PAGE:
As well as making sure you keep your operating system up to date you will also need to make sure that any applications (e.g. word processors, web browsers, email programs) have patches installed.

We strongly recommend that you only run software with a good security track record. Vulnerabilities in, and exploits for, Windows web servers, e.g. IIS are frequent. If you need to run a Windows web server, see the page on alternatives to IIS. If your machine is running an IIS web server and you don't need it, we recommend that you remove it.

Where do I get patches, security updates and hotfixes?


With modern versions of Windows (XP and above) the most straightforward way is via the automatic update facility (Microsoft Update, formerly Windows Update). Some Colleges and Departments run a local Windows Software Update Server (WSUS) which you may be able to use when you are on the local network. You should ask your local IT support staff whether they run a server that you can use and, if so, how you should set up your system to use it. The updates available via Microsoft Update or WSUS cover other software, e.g. Microsoft Office and SQL, as well as the operating system itself (so you no longer have to check for Office updates separately) Microsoft Update requires the use of Internet Explorer. Please remember that, in general, for patches to take effect you will need to reboot the computer.


Macs running MacOS X can also be set to auto-update. For further advice on keeping different Mac OS versions up to date see the Macintosh security page.


Many current Unix distributions allow you to update your system automatically. You will need to see your distribution's documentation for how to configure these. Locally, Unix Support's server provides updates and patches for several versions of Unix including the SuSE, Debian, Fedora and Ubuntu Linux distributions. Contact for more information.

What do I do if my system is insecure?

The Computing Service regularly examines the CUDN looking for insecure machines; this is known as `friendly probing'. If your system is found to be insecure, you will be notified by your Institutional Computer Officer or by the Computing Service. If you are told that your computer has been found to be insecure by a friendly probe, you need to upgrade as soon as possible to a secure version of the system or disable the service(s) leading to the insecurity. If you do not know how to upgrade your system you should seek help from your local Computer Support staff. If you cannot upgrade your system immediately you should disconnect it from the network until you do have time to do the upgrade.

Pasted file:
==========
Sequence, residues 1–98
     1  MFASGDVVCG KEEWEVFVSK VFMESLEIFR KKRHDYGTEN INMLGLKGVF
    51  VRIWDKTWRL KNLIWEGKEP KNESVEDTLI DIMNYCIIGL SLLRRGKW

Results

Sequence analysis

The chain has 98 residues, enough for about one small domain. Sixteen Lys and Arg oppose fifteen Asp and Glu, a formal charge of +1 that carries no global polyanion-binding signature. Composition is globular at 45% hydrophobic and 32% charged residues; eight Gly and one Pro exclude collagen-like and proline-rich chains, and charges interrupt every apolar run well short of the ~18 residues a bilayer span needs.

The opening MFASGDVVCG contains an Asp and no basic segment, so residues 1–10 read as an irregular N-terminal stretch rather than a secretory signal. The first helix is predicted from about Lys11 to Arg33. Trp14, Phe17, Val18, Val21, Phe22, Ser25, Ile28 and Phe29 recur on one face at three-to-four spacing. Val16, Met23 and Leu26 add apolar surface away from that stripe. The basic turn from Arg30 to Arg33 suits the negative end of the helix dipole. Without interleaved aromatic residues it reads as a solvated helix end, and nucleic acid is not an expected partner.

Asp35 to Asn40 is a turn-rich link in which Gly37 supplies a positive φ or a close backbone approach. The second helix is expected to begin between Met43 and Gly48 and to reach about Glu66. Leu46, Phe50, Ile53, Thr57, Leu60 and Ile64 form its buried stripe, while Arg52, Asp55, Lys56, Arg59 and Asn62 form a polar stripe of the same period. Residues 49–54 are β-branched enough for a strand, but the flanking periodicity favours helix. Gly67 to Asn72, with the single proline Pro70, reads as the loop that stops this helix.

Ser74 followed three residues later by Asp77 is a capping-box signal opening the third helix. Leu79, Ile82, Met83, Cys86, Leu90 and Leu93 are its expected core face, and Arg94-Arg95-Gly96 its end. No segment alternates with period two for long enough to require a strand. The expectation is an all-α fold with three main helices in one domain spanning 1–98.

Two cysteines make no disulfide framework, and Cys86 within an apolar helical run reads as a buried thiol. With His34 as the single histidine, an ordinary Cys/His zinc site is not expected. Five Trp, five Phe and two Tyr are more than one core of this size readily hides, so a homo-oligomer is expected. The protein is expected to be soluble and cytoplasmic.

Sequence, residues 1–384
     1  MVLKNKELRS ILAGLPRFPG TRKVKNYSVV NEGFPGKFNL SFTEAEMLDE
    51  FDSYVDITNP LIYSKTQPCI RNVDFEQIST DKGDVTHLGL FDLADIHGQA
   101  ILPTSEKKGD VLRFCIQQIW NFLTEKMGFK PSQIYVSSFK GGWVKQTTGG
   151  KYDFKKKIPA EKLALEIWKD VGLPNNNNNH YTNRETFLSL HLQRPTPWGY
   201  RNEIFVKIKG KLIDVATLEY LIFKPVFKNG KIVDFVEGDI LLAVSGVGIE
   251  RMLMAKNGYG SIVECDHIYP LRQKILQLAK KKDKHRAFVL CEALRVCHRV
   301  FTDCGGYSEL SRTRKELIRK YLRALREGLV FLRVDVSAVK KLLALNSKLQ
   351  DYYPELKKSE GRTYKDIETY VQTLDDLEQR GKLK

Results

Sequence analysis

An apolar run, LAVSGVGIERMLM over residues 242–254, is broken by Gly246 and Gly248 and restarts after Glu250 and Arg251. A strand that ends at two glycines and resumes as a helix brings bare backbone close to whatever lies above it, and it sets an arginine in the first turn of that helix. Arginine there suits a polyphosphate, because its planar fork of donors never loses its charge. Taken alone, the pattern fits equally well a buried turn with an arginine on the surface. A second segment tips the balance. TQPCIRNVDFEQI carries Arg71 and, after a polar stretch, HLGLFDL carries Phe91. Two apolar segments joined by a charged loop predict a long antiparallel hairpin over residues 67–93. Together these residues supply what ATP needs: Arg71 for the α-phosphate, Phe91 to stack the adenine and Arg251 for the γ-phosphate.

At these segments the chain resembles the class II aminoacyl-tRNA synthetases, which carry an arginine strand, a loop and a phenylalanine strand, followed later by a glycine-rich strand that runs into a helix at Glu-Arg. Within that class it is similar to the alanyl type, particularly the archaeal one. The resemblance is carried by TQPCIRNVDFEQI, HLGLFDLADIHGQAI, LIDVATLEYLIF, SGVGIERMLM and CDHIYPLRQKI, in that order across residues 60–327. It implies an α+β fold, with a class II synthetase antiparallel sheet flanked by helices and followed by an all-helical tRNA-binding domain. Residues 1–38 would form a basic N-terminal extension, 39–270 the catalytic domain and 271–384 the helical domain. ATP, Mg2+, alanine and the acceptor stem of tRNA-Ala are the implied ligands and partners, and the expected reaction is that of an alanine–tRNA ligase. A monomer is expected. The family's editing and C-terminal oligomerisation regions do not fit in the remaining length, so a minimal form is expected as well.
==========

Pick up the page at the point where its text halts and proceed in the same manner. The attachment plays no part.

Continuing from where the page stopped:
How do I find out whether my system has been infiltrated?

There is no easy way to check if an intruder has used your system, but here are some things to look for:

  • any files that you don't recognise
  • any strange or unusual activity
  • any processes running that you don't recognise

The web page on recovering from security incidents has links to useful resources.

What do I do if my system has been infiltrated?

If you find that your system has been infiltrated, you should remove it from the network immediately, contact your Institutional Computer Officer and send a message to the Cambridge Computer Emergency Response Team, Please include contact details; either a phone number or an email address remembering that you will not be able to use your compromised machine. A compromised machine may contain valuable information; do not delete any files or reinstall the system until the computer has been examined by an expert. If possible don't even switch it off or halt the operating system, since valuable clues are often volatile. Just remove the physical connection to the network, immediately, and then seek expert advice.

Further information

The Computing Service maintains a set of web pages about computer security. You should check these and the UCS News Service regularly.

Last updated: October 2011